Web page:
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Rangers' Lewis attempting comeback from hip surgery

The SportsXchange

Right-hander Colby Lewis, helped by an advanced surgical technique, is trying to win a spot in the Texas Rangers' starting rotation this spring.

Lewis is recovering from a resurfacing procedure on his right hip that was performed last August. It is a surgery that is less invasive than a hip replacement but gives the patient the same improvement in quality of life.

New York orthopedist Edwin Su performed the surgery last August in which the femoral head and socket are shaved down and capped with cobalt-chromium alloy. The typical patient is someone in such bad condition that he is unable to tie his shoes.

Defenseman Ed Jovanoski of the NHL's Florida Panthers is the only other athlete in any of the four major North American professional sports to have the surgery and return to action.

Lewis had the operation last August while recovering from Tommy John reconstructive elbow surgery that was performed in July 2012. He missed the entire 2013 season. Su told Lewis it was doubtful he would be recovered in time to make the opening day roster this year but the 34-year-old set a goal of making the club out of spring training.

"I felt I wanted to put myself in a spot to win a job in the starting rotation at the end of spring training," Lewis said. "As long as I'm healthy, that's where I want to be."

Lewis is part of a six-man competition for the final two spots in the rotation along with left-handers Robbie Ross and Joe Saunders and right-handers Tommy Hanson, Nick Tepesch and Tanner Scheppers.

Lewis showed great improvement in his second Cactus League start March 9 when he needed 23 pitches to throw two shutout innings against the Seattle Mariners. Five days earlier, he lasted just two-thirds of an inning against the Cleveland Indians, throwing 32 pitches.

"I got back to being myself," Lewis said of his performance against the Mariners that Rangers manager Ron Washington called "awesome."

"I can chalk up that last one to being my first time out and being overly anxious," Lewis continued. "The ball was down in the zone and I was throwing better strikes."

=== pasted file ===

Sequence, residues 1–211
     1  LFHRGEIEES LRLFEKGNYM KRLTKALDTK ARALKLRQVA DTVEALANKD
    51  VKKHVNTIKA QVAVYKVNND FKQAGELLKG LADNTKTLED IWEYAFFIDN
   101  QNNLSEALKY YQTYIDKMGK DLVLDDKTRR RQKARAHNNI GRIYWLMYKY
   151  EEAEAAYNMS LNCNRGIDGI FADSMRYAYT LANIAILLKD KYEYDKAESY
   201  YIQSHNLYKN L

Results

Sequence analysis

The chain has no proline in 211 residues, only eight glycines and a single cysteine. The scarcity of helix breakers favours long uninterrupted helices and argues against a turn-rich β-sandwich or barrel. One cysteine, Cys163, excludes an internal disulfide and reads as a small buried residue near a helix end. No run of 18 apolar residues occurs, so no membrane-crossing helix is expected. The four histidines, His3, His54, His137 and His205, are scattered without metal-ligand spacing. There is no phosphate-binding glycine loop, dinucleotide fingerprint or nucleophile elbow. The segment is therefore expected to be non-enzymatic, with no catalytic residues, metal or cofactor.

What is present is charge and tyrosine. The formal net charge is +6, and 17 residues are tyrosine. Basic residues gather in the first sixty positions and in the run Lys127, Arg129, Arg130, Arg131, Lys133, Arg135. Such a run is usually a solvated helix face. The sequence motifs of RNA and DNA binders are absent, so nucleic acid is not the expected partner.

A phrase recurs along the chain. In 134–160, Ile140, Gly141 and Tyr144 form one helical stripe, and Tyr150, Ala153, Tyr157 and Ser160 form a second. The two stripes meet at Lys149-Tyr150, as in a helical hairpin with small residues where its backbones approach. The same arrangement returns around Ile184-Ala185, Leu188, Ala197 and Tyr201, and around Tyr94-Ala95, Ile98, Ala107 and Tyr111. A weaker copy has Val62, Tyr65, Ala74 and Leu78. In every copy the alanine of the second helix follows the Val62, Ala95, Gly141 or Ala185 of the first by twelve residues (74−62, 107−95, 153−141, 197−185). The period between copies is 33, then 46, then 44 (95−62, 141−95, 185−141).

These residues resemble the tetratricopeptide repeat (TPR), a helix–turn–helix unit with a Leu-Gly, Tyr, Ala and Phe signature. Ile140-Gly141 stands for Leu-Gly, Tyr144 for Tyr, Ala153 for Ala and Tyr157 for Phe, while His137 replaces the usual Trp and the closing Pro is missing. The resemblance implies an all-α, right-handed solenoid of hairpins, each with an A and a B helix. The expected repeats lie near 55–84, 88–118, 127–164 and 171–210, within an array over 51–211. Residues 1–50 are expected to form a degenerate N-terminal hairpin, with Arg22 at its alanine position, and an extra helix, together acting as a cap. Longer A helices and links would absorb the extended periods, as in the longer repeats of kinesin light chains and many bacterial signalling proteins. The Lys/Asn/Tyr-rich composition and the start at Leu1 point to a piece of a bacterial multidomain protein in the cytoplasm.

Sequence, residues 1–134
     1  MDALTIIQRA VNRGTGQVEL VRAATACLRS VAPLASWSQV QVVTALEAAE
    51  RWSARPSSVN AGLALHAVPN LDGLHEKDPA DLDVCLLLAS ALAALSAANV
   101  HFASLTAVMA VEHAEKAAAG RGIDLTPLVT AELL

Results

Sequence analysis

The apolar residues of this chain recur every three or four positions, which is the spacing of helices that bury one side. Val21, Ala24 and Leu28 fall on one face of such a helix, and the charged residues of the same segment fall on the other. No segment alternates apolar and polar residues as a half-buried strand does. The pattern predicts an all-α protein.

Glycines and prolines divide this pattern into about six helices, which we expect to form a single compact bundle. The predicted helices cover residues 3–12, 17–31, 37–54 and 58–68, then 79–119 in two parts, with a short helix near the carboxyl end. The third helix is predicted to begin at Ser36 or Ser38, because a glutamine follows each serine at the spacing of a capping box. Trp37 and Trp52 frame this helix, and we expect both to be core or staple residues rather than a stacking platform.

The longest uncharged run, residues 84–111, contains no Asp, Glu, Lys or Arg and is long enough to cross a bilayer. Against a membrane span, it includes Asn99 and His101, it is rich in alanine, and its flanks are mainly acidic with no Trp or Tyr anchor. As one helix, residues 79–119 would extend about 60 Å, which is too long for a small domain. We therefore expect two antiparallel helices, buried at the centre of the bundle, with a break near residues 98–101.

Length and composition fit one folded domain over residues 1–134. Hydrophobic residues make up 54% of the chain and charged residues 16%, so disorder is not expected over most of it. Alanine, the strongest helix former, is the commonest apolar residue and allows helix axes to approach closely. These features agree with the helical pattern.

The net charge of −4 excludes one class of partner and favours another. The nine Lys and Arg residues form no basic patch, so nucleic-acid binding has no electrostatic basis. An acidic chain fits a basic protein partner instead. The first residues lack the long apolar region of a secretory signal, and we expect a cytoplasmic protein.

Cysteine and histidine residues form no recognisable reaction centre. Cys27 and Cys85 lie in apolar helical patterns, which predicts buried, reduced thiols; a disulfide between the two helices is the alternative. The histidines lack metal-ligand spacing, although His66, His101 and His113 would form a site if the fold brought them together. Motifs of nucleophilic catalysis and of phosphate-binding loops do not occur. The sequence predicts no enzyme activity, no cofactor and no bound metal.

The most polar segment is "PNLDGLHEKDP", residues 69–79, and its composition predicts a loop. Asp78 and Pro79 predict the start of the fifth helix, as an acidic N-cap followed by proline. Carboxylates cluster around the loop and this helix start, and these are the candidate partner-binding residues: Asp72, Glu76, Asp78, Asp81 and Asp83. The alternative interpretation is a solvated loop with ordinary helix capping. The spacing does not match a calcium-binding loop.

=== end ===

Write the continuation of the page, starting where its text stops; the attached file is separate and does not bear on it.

NOTES, QUOTES

--3B Adrian Beltre will continue to bat cleanup for the Rangers this season despite the acquisition of 1B Prince Fielder from the Detroit Tigers in an offseason trade for 2B Ian Kinsler. Beltre has hit .312 in his three seasons with the Rangers while averaging 33 home runs and 100 RBIs a year and led the American League with 199 hits in 2013. Fielder will bat third, just in front of Beltre, after hitting .279 with 25 home runs and 106 RBIs last season while playing all 162 games.

--2B Jurickson Profar is expected to play his first game in the field sometime during the latter part of the week as he continues to recover from right shoulder tendinitis. Profar has been limited to designated-hitter duty so far in Cactus League play. He started off the spring by going 10-for-33 (.303) with three home runs and 11 RBIs in 11 games.

--RHP Nick Tepesch allowed three runs and 10 hits in five innings in his first two spring appearances after being bothered by back soreness in the early part of camp. He had yet to strike out a batter and allowed one walk in his bid to win a spot in the starting rotation. Tepesch went 4-6 with a 4.84 ERA in 19 games, including 17 starts, last season as a rookie.

--LHP Robbie Ross is trying to become a starter this spring after making 123 relief appearances during the first two seasons of his career. He has pitched twice in Cactus League games, giving up two runs and four hits in 4 2/3 innings with two walks and two strikeouts. Last season, Ross was 4-2 with a 3.03 ERA in 65 games.

--RHP Tanner Scheppers has made a good early impression in his bid to earn a starting job after having a stellar season in relief a year ago. In his first two outings of the spring, Scheppers gave up one run on three hits in 4 2/3 innings with one walk and three strikeouts. He pitched in 76 games last year, going 6-2 with one save and a 1.88 ERA.

QUOTE TO NOTE: "Prince Fielder, in his career, has always been the protector. Now I'm going to make him the protectee," manager Ron Washington, on batting Fielder third when he has primarily hit cleanup during his nine-year career.
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